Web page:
Eystein Jansen
    Subject: Additional In-Press Papers

    Dear CLAs

    Please find attached additional paper(s) that are
    relevant to your chapter and have been submitted in
    response to our most recent guidelines for
    consideration of papers published in 2006 following
    the expert and government review. A separate
    spreadsheet file is attached listing: the submitter,
    file name of the paper, its acceptance date, and the
    chapter and section which the submitter feels is
    relevant.

    As discussed in Bergen, please note the following:
    * inclusion of additional papers in the final draft
    should not open up any substantive issues that were
    not in the second draft and so not previously reviewed;
    * additional papers should only be used where in the
    view of the LAs doing so provides a more balanced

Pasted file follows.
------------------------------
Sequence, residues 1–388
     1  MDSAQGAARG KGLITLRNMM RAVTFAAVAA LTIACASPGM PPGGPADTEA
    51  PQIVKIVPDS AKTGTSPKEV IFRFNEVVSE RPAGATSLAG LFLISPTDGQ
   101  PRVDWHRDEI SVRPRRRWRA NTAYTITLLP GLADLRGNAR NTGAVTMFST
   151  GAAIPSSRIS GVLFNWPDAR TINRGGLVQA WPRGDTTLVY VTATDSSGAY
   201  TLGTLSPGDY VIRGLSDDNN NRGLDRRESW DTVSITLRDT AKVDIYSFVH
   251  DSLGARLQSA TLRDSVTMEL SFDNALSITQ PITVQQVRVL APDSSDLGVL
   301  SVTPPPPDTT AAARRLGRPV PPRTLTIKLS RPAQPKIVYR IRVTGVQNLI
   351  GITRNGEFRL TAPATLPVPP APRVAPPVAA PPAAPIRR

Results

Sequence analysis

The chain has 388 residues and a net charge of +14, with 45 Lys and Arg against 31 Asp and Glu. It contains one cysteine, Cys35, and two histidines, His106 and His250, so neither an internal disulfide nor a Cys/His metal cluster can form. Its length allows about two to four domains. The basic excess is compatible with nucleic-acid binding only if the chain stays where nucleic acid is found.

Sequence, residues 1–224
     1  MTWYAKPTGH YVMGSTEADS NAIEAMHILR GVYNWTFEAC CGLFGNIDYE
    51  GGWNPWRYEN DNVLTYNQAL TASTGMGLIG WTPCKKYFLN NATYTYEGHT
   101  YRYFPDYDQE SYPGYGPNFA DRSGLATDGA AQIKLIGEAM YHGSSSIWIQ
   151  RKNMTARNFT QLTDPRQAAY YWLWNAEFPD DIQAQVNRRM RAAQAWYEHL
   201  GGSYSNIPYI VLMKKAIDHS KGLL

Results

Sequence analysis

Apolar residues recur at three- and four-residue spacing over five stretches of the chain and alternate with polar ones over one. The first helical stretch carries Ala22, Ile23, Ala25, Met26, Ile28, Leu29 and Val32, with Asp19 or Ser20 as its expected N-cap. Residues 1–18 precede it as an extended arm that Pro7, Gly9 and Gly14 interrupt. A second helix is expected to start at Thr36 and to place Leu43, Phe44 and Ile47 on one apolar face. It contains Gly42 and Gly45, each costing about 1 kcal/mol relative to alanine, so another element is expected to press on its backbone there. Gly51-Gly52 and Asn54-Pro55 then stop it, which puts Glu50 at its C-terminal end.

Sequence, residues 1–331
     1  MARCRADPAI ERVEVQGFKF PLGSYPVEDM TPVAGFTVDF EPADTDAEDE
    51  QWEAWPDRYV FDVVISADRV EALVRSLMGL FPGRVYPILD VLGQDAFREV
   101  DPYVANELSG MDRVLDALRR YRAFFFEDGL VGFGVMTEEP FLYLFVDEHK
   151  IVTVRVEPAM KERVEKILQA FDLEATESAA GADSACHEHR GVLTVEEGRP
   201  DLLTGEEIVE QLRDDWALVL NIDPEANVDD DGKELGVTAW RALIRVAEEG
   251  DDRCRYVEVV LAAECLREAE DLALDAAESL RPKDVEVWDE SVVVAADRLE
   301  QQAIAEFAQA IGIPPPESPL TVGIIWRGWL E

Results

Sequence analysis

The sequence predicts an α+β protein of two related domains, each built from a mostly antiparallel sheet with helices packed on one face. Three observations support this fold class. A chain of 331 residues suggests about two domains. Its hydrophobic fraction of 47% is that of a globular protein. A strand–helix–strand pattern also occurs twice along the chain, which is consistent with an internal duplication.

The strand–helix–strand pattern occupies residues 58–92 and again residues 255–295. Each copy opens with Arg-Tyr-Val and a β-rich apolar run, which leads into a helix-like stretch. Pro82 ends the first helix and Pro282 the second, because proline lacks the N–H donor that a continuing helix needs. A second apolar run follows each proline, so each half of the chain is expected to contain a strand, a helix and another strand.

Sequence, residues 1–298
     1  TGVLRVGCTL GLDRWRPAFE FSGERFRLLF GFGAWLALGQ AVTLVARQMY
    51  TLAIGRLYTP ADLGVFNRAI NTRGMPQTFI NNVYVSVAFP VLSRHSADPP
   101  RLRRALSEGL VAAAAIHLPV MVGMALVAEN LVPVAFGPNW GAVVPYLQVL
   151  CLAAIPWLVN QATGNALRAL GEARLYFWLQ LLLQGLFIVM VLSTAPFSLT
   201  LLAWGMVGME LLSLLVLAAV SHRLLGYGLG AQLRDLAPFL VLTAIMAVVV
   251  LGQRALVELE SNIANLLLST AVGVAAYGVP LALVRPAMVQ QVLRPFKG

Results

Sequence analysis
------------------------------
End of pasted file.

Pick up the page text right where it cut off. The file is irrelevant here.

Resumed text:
coverage of scientific views;
    * we anticipate that a quick reading of the abstract
    of each paper will enable a decision consistent with
    this and we would not encourage any lengthy
    consideration by the LA team.

    One additional point to keep in mind is that this
    most recent adjustment of our publication deadlines
    should not be perceived by others as a device for
    allowing the LAs to reference more of their own
    papers. We trust that you and your team will be both
    objective and vigilant when deciding to include or
    reject papers in this respect.

    Best regards,
    WG1 TSU

    “this most recent adjustment of our publication deadlines should not be perceived by others as a device for allowing the LAs to reference more of their own papers.”

    True! this device had a much more specific purpose!

    • Mike Davis
      Posted Apr 20, 2010 at 10:34 AM | Permalink | Reply

      David:
      I might be confused here but I do not recall a balance in the IPCC WG1 report. The additional papers seemed to mainly tip the scales away from balance.

  18. David Holland
    Posted Apr 20, 2010 at 10:38 AM | Permalink | Reply

    I emailed John Campbell at the IAC on 18 March 2010

    Dear Mr Campbell,

    I have read your press release of 10 March and the comments of Professor Dijkgraaf in connection with the IAC Review of the Intergovernmental Panel on Climate Change. I wish to make an evidence submission to you and would like to know if you wish receive it. If so, do you have any deadline or other requirements.